British teenage yobs are to be forced to wear bright uniforms as they carry out community service punishments under plans for a new high-visibility crackdown on public disorder.
The move, echoing US chain gangs whose members wear orange jackets to shame them publicly, will be highly controversial and could risk reprisals.
But Home Office (interior ministry) minister Hazel Blears argues justice must be seen to be done in the battle against what the government calls a "culture of disrespect," ranging from swearing and neglectful parenting to petty crime and violence.
In her first interview as the new minister for antisocial behavior, Blears also suggested parents should enforce sensible bedtimes for children and restore "structure" to family life, such as eating meals together. They should also be alert to what children wear following debate over teenagers wearing "hoodies" to avoid identification on closed circuit television (CCTV).
"People feel very strongly that they don't often see justice being done," she said.
"[When] people get fixed penalty notices I would like to see a very quick connection to community punishment, that people see being done. I want them to be identified," she said.
She did not want offenders "breaking rocks" in chain gangs -- one successful scheme in her Salford constituency involved youths forced to make floral hanging baskets -- but visibly doing something useful.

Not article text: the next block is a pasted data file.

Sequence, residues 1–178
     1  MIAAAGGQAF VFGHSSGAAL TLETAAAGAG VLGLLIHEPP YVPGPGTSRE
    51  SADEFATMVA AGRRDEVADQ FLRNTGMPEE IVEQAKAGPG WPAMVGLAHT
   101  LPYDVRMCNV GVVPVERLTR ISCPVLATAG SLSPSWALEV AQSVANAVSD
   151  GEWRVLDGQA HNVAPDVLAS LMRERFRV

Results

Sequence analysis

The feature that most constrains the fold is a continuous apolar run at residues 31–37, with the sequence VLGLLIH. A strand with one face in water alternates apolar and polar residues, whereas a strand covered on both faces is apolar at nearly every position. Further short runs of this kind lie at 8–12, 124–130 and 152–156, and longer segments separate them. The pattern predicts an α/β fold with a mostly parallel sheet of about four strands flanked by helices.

Other plans include residential parenting courses for the most dysfunctional families, and cheap leisure activities to occupy teenagers -- with troublemakers expected to "earn" the right to join in.
The crusade against yobbish behavior, from the classroom to the street corner, reflects reports from the election campaign trail of concern about a breakdown in public order. Last week Tony Blair demanded more "respect" in society after a shopping center banned hooded tops because some youths use them to shield their faces from CCTV.
This week's Queen's Speech -- the government's legislative program -- will highlight the theme, with a welfare bill emphasizing the dignity and purpose of work, and crackdowns on guns and knives.
But critics argue the campaign smacks of intrusion into private life.
Blears said it was "very hard" to generalize about why parents were failing to control children.
"It's a combination of factors -- partly it's time," she said. "We have all got less of it. It's also a less structured life."
The crusade for "decency" meant practising tolerance and valuing other people.
"But the practical part is you don't spit at them, you don't swear at them, you don't huddle together in a group and intimidate people who are weaker," she said.
Such behavior had spread beyond sink estates to prosperous areas, she said, citing an incident where a gang had smashed concrete bollards through a Woolworths' store roof as terrified staff cowered inside.
"That's not about poverty, that's not about deprivation," she said. "That was just terror."
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